Writing a Memoir isn’t for Sissies

Writing a memoir isn’t for sissies.

Let me rephrase that. Writing a memoir is for hard core masochists- for those who truly enjoy pain- because, for the most part, that’s what you’re going to experience as you struggle with what to tell, what to hold back, and how the whole fits together.

I was just about to move the weekend’s Wall Street Journals to the recycle bin when I peeled open the Review section one more time, looking for something to accompany my vegetable soup.

Sure enough. Somehow I missed the interview with Mary Karr (The Liars Club), whose The Art of Memoir is going to be released on September 15.

She has a good bit of relevant input to share with a fellow memoir writer—albeit with an unpublished fellow memoir writer. Correction: especially with an unpublished fellow memoir writer.

Karr: “It’s cathartic, but the purpose of it (the memoir) is not your catharsis. You’re publishing it to create an emotional experience in another human being, and for me, unless another human being reads it and has that feeling, there’s no point.”

Mmm. Yes. Agreed. I do know that we’re always told to never admit that we have written our memoir as a means of healing or catharsis. Agents and publishers don’t want to hear that. Everyone’s life is fucked up, everyone’s family is dysfunctional, and yours is no better or worse. It’s not all about you.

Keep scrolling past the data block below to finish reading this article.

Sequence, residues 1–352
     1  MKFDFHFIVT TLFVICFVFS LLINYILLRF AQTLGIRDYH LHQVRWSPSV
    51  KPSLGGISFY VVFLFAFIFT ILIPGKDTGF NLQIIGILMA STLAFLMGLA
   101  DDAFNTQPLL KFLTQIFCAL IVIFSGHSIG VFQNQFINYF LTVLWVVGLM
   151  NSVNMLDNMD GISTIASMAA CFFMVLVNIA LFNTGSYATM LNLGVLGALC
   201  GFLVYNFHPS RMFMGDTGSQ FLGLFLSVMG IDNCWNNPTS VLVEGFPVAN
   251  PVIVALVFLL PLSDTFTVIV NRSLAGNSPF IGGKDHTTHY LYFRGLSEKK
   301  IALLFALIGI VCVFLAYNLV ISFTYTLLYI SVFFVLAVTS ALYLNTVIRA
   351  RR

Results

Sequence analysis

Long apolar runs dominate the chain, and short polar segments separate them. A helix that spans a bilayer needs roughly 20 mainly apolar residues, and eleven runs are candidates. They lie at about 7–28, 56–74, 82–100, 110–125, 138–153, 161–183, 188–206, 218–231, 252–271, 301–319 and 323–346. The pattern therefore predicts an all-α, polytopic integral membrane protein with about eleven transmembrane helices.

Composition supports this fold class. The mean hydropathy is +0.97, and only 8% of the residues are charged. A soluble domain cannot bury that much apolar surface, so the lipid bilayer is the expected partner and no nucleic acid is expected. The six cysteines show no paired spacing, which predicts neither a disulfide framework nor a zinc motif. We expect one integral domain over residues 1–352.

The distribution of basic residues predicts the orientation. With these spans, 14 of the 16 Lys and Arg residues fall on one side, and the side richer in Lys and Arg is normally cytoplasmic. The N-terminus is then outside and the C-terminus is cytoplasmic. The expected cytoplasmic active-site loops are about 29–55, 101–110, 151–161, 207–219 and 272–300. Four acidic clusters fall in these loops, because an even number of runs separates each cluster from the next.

During the first draft, you may write the memoir as a catharsis—but don’t tell anyone that’s what you’re doing—even if it makes you feel better.

After the first draft, if you truly enjoy language, as I do, you lose yourself in the creation of evocative sentences. You want the reader to touch and taste and smell the places you’ve been. To hear and see it all from the most degrading statements that were made to you, to your near death experience, to the survival tactics that you employed as a child.

In this process, you’ll hopefully create a work that the reader will be able to experience on such a level that they almost walk in your footprints and relive your reality as their own.

Karr says that her new book is a guide to “navigating life’s events, first psychologically and then on the page.”

“Success in memoir writing,” she says, “involves a psychological self-awareness of how you changed over time.” Karr herself is the child of two alcoholic parents. Her mother tried to kill her with a butcher knife when she was eight years old. Serious stuff.

Taking that into consideration, I believe that, during the writing, the unspoken catharsis becomes your raison d’être. If you can relive your past, get it on paper and survive the stress of it, your catharsis will be worth it. Even if you come through the first draft like the head-spinning, projectile vomiting Regan of the The Exorcist. Sometimes, it does feel that difficult.

Further, Alexandra Wolfe, her interviewer, writes:

“Ms. Karr says that writing about hope is just as difficult as writing about pain.


‘The reason people fight against being hopeful is because it sets you up to be disappointed. The reason people fight happiness is because if you don’t hope for anything, you never have your heart broken.”


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